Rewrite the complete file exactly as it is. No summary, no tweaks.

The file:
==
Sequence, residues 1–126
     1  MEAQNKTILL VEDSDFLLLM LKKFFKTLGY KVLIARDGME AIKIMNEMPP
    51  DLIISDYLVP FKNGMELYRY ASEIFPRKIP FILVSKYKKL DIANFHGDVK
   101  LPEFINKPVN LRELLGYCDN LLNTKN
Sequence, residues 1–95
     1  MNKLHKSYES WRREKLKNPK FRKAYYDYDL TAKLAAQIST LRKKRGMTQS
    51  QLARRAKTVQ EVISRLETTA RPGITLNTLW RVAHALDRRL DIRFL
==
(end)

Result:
Sequence, residues 1–126
     1  MEAQNKTILL VEDSDFLLLM LKKFFKTLGY KVLIARDGME AIKIMNEMPP
    51  DLIISDYLVP FKNGMELYRY ASEIFPRKIP FILVSKYKKL DIANFHGDVK
   101  LPEFINKPVN LRELLGYCDN LLNTKN
Sequence, residues 1–95
     1  MNKLHKSYES WRREKLKNPK FRKAYYDYDL TAKLAAQIST LRKKRGMTQS
    51  QLARRAKTVQ EVISRLETTA RPGITLNTLW RVAHALDRRL DIRFL